Her stories deal frankly with matters of life and death. They are written with the assurance of someone with complete mastery of the form and contain events that feel entirely convincing, in fact, they seem reassuringly inevitable.
Munro's stories sound like ideal math proofs: short and deceptively simple, moving back and forth between foreground (theorems) and background (lemmas), opening out to resolve a web of questions, revealing vistas of far-flung applications.
Her form of social critique isn't showy, and it doesn't involve preaching. Instead, it's about giving voice to a different type of woman: working-class women, older women, mentally-ill women, those women who normally appear only as tropes or stereotypes when they appear at all.
Alice Munro's writing, like all great writing, teaches us to be human. It engages big questions in small spaces: What does it mean to be regional? What does it mean to be Canadian? What does it mean to be a mother? What does it mean to be betrayed?
European and Middle Eastern countries are often bounded by hostile neighbors. The Battle of Britain was a turning point in the Second World War. Yet ...
A writer's life cut short -- Keats, Marlowe, the Brontës -- haunts literary history, and the writer's fear of dying prematurely, before fulfilling his potential, once made for some of the West's finest writing. How fittingly modern, then, that writers nowadays could, in effect, live too long.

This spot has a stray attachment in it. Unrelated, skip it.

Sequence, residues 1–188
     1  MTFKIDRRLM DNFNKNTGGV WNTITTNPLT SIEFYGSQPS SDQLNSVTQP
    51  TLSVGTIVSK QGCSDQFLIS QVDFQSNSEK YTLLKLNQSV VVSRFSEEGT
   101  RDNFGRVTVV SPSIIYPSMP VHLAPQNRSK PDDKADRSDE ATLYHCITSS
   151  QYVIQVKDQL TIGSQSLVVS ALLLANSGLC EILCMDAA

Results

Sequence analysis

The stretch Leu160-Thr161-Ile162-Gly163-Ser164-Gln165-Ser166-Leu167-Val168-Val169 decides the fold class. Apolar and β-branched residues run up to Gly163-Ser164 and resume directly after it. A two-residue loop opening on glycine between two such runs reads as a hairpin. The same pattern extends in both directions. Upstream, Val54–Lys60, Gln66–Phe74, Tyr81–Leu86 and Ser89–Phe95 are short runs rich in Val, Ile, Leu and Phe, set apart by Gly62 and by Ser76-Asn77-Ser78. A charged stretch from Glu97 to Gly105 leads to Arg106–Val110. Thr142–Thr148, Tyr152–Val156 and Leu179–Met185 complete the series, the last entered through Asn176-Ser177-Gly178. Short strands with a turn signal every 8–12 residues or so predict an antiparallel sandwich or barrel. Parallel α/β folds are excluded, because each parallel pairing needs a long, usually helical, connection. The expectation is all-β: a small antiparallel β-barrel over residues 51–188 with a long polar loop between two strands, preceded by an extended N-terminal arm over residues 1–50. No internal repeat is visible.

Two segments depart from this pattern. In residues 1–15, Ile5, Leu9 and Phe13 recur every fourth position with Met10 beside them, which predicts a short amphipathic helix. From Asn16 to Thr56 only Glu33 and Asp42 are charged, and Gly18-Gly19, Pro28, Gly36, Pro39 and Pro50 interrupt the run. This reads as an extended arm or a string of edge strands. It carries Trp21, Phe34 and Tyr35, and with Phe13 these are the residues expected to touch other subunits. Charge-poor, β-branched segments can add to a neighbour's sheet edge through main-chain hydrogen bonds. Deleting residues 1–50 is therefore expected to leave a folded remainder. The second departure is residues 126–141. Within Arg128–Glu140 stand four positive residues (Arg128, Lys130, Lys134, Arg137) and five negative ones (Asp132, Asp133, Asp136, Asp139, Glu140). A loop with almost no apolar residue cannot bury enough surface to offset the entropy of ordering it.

We asked the writers these questions: What do you like about writing short stories, and if you also write novels, how do you compare the writing?
What is most compelling about Alice Munro's stories is the sense we have of peering into the darkest recesses of people's hearts, eavesdropping, learning their tortured secrets. In an age of reality TV this may seem passé.
The number one rule to follow if you want to read more is to SIT down and do it. Read while eating lunch. Substitute two chapters of a book for one Facebook visit and instead of tweeting, read a book.
Last night the 16th annual Giller Prize celebrated excellence in Canadian literature, reminding us of the incredible dedication, passion and talent with which authors in this great nation write.
I don't complain because I'm unhappy. Writers in general don't seem to complain any more than musicians or painters or any other group of free-lance workers, they just tend to do it better.
Not merely launching a career but keeping it going over time, not just combining family and work but continuing to stay vital for the long haul, is what excites me.